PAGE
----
Tag Archives: Mobile device

Five things I’m thinking about right now

Following on from Matt, Alice, Ben and Dan

1. Computing is heading towards a new, simplified era.

I’ve written about this before, but fundamentally: we’re on the cusp of a revolution in simplicity. Easy to use touch interfaces are the final piece of the jigsaw, and will devices easier to use than ever before.

2. The most important thing about the iPad is the battery life.

Yes, it’s a lovely screen and runs great apps and its easy to use. But none of this would matter if it didn’t also have the ability to be thrown in a bag at the start of the day and not plugged in again till the end. Not having to consider power makes a massive difference in how usable a device is. It’s the one thing about the iPad that really lifts it from cool toy to essential.

3. When it comes to broadband, speed is less important than always-on.

Yes, it’s great to have 50Mbits/sec pipes into your home. But it’s much, much more of a game-changer when you have 1Mbits/sec on a mobile device that you carry everywhere. Ubiquity trumps speed.

4. In five years time, not using your own name is going to look as old-fashioned as an AOL-style handle now.

Hundreds of millions of users have got used to the idea that they use their own name online, via Facebook. It hasn’t hurt.

5. “The hobbyists” are losing control… and they won’t like it.

Up until now, computing and technology’s culture has been largely determined by a group I call “the hobbyists”. Traditions like anonymity and the primacy of code have been part of the unwritten law of the Internet. That era is dying, and “the hobbyists” don’t like it. Expect culture clashes between this old Internet and the new one.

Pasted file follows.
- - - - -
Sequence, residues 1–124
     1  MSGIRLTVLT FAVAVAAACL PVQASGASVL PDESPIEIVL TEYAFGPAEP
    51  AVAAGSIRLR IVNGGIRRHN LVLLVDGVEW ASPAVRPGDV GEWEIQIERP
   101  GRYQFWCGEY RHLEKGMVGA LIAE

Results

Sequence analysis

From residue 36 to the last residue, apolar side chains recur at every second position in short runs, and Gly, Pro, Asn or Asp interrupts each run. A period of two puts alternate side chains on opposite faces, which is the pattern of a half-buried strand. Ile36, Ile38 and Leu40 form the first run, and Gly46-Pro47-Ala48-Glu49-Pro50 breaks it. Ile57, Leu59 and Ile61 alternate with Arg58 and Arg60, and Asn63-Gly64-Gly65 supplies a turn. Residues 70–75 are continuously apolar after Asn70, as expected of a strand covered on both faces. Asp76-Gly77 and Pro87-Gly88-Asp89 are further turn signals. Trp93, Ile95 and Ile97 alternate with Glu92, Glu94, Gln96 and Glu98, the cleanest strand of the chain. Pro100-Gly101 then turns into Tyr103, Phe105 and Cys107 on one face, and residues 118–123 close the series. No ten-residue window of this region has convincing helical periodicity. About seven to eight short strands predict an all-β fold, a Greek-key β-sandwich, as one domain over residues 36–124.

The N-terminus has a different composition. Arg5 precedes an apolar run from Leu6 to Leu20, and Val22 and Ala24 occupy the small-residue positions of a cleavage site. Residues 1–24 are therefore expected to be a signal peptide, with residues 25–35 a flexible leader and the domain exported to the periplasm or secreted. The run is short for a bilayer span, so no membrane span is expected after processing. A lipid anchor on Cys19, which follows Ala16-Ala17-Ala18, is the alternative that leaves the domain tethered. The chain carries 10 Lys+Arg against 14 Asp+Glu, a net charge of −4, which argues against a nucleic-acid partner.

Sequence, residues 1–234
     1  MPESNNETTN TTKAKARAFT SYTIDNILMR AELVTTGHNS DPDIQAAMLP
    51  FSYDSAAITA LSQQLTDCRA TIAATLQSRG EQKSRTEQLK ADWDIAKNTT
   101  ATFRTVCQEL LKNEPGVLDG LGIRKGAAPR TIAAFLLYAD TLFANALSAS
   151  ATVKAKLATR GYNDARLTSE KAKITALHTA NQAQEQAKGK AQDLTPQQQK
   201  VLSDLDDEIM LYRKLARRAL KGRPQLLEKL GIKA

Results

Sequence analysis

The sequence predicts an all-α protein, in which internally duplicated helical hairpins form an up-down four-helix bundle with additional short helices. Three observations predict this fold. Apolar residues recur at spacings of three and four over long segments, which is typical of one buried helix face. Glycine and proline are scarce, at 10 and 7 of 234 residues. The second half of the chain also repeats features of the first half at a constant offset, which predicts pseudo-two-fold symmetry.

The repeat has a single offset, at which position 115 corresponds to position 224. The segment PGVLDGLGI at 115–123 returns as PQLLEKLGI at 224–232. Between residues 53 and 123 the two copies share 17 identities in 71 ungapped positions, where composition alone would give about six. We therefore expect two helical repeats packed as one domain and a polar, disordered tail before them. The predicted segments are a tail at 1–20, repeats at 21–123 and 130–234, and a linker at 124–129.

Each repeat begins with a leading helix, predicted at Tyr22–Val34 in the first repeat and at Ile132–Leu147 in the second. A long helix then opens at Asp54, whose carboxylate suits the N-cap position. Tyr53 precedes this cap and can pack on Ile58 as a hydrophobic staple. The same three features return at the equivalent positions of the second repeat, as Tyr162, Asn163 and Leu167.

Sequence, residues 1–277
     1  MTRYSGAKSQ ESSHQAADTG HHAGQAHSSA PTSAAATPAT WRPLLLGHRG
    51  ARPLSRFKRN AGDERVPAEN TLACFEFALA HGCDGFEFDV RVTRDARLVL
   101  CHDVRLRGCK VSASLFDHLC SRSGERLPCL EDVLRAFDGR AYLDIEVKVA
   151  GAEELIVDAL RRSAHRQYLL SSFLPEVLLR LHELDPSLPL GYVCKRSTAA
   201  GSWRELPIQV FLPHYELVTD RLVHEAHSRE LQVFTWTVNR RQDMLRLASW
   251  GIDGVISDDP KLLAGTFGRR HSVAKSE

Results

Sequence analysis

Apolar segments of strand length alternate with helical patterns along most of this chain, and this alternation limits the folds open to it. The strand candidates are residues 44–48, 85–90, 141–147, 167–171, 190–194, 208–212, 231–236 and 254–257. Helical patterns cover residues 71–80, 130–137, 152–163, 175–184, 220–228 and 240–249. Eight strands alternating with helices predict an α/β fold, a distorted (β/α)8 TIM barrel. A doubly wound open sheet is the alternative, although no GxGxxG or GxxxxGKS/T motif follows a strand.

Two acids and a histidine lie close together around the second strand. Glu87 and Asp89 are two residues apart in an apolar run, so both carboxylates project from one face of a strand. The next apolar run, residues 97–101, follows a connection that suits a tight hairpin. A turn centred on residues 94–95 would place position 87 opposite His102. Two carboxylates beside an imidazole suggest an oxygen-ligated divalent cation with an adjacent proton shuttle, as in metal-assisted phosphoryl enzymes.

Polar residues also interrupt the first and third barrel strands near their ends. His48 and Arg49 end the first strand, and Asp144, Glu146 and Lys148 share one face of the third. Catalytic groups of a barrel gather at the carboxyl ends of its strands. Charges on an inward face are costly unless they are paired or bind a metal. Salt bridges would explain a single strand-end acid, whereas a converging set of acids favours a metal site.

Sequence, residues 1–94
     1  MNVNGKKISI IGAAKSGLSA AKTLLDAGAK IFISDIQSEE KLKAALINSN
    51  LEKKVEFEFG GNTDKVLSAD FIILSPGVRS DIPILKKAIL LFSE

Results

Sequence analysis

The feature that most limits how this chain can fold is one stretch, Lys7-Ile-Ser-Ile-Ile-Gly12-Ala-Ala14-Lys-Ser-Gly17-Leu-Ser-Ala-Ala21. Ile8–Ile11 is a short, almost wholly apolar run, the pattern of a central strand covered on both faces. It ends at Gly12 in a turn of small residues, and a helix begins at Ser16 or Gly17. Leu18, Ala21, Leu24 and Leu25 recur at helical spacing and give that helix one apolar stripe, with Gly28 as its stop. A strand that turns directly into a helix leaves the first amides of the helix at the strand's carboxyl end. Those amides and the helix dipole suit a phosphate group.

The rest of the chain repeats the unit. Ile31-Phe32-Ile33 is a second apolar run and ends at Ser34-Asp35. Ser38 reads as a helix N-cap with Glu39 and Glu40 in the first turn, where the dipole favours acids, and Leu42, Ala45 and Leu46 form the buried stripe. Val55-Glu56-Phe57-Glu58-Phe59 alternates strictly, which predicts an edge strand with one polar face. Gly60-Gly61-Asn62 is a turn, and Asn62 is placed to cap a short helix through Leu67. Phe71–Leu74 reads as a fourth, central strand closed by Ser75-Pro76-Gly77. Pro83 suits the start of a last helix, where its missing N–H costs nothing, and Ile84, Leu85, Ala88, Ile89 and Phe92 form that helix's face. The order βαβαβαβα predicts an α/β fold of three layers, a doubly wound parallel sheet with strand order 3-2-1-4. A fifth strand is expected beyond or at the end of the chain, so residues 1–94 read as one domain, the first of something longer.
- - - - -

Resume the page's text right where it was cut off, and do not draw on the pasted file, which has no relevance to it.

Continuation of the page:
Over to you…

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Stewart Alsop says dumb things, get attention

Image representing Android as depicted in Crun...
Image via CrunchBase

Stewart Alsop is having many problems with his Motorola Droid:

“The software (Google’s Android plus apps both from Google and from other developers) doesn’t work and is unacceptable on a mobile device.”

Only thing is that these are problems that it appears no other Droid users are having – blatant, massive issues which anyone even glancing at the phone for five minutes couldn’t fail to see.

But Stewart’s opinion is, at seems, that everyone else is wrong and he is the only one who has seen it.

Obviously, there’s some kind of conspiracy and all the other people who have Droids and are not reporting this behaviour are in on it. As opposed to, say, Stewart having a duff phone.

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